Since you’ll likely be signing a 12-month or 18-month contract, it’s worth checking feedback before diving in. We include the results of our latest broadband customer satisfaction poll in all our best buys, so you can see how each provider ranked with other MoneySavers. For the full results see our latest Broadband customer service poll results.
Our forum’s Broadband Board also includes a wealth of feedback, as do sites such as ThinkBroadband and ISP Review . Do I pay any exit penalties to switch broadband?
You won’t face extra costs if no longer under contract though you may need to give at least 14-30 days’ notice depending on your provider.
If you’re still within the minimum term of your contract, you usually have to pay ‘early termination fees’ to leave. Each provider calculates these differently but it generally depends on the amount of time left on your contract. They should always be less than the cost of the remaining charges on the contract.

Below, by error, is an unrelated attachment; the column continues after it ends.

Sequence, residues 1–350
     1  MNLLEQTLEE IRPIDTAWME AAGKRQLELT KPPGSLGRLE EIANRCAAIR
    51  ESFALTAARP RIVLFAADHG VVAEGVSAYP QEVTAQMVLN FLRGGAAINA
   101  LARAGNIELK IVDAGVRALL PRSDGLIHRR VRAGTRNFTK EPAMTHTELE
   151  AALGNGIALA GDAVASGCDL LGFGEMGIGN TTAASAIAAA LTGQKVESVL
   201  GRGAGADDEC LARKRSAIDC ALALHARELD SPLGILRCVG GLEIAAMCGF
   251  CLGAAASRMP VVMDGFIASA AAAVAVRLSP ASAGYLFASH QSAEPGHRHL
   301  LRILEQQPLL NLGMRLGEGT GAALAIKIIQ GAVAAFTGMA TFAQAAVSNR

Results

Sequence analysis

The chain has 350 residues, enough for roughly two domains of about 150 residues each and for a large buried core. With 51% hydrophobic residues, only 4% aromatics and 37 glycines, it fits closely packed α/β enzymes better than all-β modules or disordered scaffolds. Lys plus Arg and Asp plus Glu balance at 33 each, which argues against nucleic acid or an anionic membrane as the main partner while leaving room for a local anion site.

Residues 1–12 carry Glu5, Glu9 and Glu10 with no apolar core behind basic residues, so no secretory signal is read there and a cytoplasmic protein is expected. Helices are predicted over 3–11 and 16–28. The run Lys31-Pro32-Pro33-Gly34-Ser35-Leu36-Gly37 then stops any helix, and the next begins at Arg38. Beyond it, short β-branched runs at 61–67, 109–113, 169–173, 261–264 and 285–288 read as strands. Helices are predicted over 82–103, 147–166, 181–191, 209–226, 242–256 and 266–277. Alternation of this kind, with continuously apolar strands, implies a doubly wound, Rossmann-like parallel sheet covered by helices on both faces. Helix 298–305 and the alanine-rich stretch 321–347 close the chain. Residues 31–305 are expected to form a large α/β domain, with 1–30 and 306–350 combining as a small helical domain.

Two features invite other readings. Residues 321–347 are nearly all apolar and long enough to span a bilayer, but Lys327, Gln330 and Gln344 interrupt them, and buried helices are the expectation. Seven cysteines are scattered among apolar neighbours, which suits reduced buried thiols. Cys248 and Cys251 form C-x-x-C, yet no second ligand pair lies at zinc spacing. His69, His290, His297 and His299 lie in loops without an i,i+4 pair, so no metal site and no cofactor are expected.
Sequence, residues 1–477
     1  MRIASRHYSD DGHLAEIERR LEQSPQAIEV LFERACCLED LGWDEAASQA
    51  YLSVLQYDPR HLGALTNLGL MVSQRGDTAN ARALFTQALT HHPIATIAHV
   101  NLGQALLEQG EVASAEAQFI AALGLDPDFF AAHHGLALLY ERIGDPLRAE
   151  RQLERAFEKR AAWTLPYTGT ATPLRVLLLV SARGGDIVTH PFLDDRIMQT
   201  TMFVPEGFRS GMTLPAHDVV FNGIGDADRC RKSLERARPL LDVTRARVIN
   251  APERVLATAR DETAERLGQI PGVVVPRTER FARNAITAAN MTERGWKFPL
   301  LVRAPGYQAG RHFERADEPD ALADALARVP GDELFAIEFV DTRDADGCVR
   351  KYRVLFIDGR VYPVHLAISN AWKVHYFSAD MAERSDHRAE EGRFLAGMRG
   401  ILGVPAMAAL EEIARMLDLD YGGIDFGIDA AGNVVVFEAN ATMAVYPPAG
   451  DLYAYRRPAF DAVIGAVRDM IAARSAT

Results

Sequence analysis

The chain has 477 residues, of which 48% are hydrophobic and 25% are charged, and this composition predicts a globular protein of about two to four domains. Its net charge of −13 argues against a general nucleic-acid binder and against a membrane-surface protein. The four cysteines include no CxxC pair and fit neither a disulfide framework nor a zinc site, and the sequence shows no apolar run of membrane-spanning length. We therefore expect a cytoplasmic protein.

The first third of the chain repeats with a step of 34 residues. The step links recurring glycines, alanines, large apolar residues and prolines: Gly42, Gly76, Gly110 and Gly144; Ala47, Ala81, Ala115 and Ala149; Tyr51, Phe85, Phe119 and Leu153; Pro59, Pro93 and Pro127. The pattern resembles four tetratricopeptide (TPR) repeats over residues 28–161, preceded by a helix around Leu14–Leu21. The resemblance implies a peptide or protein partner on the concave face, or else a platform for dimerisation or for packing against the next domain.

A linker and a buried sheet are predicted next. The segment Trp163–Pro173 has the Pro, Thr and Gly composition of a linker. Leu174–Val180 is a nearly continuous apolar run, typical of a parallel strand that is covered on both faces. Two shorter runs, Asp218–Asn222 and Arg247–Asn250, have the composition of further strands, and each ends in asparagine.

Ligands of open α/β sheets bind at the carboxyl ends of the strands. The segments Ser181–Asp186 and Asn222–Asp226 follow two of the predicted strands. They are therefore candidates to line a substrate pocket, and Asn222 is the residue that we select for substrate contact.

Some providers may charge up to £30 if you’re cancelling your broadband and not moving to another firm immediately or if you’re moving to cable (although we’ve heard that some will waive this if contested). Your provider may also ask you to return its router or you risk incurring a penalty charge. What are my rights if my provider hikes prices?
Under rules from regulator Ofcom, if the contract was taken out after 23 Jan 2014, if your landline, broadband or mobile (but not TV) firm raises prices without warning you before you signed up then you are allowed to leave penalty-free.
But do check the T&C’s as providers may state in there that they reserve the right to hike prices in line with inflation, which would count as a warning. If it happens without warning all you have to do is tell your provider within 30 days of getting notification from it, and you can then leave penalty-free. That said, only do so if you can find a better price. 4. Will I get the advertised speed?
Maybe. It’s important to understand that these advertised speeds are based on the average speed received by at least 50% of a provider’s current customer base between 8pm and 10pm – when most people are online